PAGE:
Punctuation and rhetoric: the difference between the “the people’s parliament” and “the peoples’ parliament”

Professor David Judge of the University of Strathclyde provides a valuable examination of the current parliamentary balance in the House of Commons. He considers how representative the chamber is and outlines some of the potential difficulties in effecting scrutiny that may lay ahead. The blog was originally written for the LSE Politics and Policy page but has been kindly shared with the PSA Parliaments Specialist Group.

Immediately after the general election, Boris Johnson greeted the newly convened parliament with the triumphalist words, ‘[this] is one of the best Parliaments that this country has ever produced’, and pledged that ‘this new democratic parliament – this people’s parliament [will] get on with delivering the priorities of the British people’. Repeatedly the PM enthused that this was to be ‘a Parliament that works for the people’ and a parliament that had ‘delivered a people’s government dedicated to serving you’.

The PM’s repetitions seemingly pointed to a singular vision of ‘the people’ sharing common priorities, and with their elected representatives capable of sustaining a ‘people’s government’ dedicated to serving ‘one nation’. Yet, on closer inspection, they also pointed implicitly to the existence of ‘peoples’ – in the plural – who were to be represented, and of institutions – in the plural – made manifest in the differentiatedness of ‘parliament’ and ‘government’ within Westminster.

According to the PM two features of the new parliament made it a ‘vast improvement on its predecessor’. First, it was more representationally descriptive of the UK population; and second, and more importantly for the PM, it was ‘going to get Brexit done’.

Peoples in the plural

If ‘bestness’ is measured by the extent of descriptive representation, then the new parliament was indeed ‘better’ than its predecessor. The idea of descriptive representation denotes ‘shared experiences’ between represented and representatives – which allow the latter to be ‘in some sense typical of the larger class of persons whom they represent’. And, if within-group intersectional differences are inserted into this relationship, further complexity and contingency come to characterise the practice of parliamentary representation. Intersectionality recognises that there are no uniform identities within descriptively defined groups.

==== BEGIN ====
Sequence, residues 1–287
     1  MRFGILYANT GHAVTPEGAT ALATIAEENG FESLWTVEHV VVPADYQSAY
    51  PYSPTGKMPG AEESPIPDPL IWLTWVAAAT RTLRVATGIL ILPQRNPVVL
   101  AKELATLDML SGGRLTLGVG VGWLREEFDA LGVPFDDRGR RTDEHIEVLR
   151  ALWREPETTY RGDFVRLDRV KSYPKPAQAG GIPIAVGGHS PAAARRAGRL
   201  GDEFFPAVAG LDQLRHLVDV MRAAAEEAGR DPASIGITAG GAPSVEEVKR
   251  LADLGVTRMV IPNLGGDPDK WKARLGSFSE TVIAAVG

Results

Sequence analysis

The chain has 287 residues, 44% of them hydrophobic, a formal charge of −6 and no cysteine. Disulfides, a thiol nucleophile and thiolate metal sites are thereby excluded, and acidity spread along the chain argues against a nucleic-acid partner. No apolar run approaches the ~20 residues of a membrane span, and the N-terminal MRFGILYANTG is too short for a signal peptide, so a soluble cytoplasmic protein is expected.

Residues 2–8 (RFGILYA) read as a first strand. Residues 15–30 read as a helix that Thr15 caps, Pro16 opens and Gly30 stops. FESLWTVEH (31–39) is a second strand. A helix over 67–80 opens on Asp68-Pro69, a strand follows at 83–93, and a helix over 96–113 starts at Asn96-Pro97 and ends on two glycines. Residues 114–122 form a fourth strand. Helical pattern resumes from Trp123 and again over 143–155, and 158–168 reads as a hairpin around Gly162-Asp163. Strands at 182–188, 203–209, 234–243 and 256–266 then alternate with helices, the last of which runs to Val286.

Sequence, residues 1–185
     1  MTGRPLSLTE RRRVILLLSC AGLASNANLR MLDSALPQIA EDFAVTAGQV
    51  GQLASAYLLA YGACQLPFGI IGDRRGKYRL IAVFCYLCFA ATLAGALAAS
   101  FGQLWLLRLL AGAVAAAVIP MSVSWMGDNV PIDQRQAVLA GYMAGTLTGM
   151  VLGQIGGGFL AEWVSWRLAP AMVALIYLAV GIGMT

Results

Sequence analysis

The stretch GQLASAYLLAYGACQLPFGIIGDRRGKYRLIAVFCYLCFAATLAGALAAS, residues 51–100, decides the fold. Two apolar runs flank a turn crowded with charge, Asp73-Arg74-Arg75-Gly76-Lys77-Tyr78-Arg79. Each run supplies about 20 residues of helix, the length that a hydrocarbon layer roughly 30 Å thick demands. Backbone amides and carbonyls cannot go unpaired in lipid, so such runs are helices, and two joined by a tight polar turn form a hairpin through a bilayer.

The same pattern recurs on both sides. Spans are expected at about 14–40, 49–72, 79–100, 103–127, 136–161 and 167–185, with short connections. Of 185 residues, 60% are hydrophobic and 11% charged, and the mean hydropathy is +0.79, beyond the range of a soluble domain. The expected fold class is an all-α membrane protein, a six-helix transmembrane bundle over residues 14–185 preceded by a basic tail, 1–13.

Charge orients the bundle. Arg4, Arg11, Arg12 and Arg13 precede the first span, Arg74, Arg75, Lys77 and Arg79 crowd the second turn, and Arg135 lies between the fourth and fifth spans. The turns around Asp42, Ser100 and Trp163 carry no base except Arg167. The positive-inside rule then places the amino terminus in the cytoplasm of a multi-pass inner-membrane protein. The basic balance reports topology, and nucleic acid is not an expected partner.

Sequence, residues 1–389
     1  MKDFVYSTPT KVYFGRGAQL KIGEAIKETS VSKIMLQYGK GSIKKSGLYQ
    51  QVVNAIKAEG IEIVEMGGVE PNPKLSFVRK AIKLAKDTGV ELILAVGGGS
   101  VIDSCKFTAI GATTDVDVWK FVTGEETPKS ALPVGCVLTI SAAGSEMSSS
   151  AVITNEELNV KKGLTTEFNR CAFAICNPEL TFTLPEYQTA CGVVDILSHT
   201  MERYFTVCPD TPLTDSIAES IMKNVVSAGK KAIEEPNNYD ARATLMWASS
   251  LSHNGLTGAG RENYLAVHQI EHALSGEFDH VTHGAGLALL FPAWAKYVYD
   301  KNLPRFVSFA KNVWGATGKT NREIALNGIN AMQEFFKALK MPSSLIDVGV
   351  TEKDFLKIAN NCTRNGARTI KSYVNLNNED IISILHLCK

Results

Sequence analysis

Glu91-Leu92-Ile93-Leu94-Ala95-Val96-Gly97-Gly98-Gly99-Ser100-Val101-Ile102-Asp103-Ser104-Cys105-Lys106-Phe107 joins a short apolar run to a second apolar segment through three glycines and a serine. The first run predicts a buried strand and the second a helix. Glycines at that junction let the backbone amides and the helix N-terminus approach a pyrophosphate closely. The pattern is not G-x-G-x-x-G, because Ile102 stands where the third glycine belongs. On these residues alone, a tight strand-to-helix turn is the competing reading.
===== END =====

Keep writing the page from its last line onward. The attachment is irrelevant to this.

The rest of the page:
The new parliament returned record numbers of: women MPs (220); Black and Minority Ethnic MPs (65), Muslim MPs (18); and openly gay, lesbian or bisexual MPs (45). Yet while descriptively ‘better’ than its predecessors, this parliament is far from being the best it could be. Women and BAME groups remained proportionately under-presented when compared to their population size, while other visible and invisible minorities remained notable by their absence. While 22% of the UK population are recognised as having a disability, only a handful of self-declared disabled MPs are present in the new parliament. A cursory examination of the CVs of MPs also reveals that few had direct prior experience of unemployment or of grinding poverty. The significance of this descriptive representational deficit is that comparative empirical studies of policy preferences in legislatures reveal that ‘differential representation [of income groups] is always in disfavour of the poor’.

A simple listing of the group characteristics deemed to be of descriptive importance, immediately reveals, therefore, the innate plurality of ‘peoples’ in a representative parliament. Indeed, even Boris Johnson’s baseline definition of representational ‘bestness’ – in terms of ‘more female Members than ever before and more black and minority ethnic Members than ever before’ – still managed to undercut the very idea of a singular people represented in a ‘people’s parliament’ – no matter the powerful, propagandist, populist appeal of this rhetorical device.

Institutions in the plural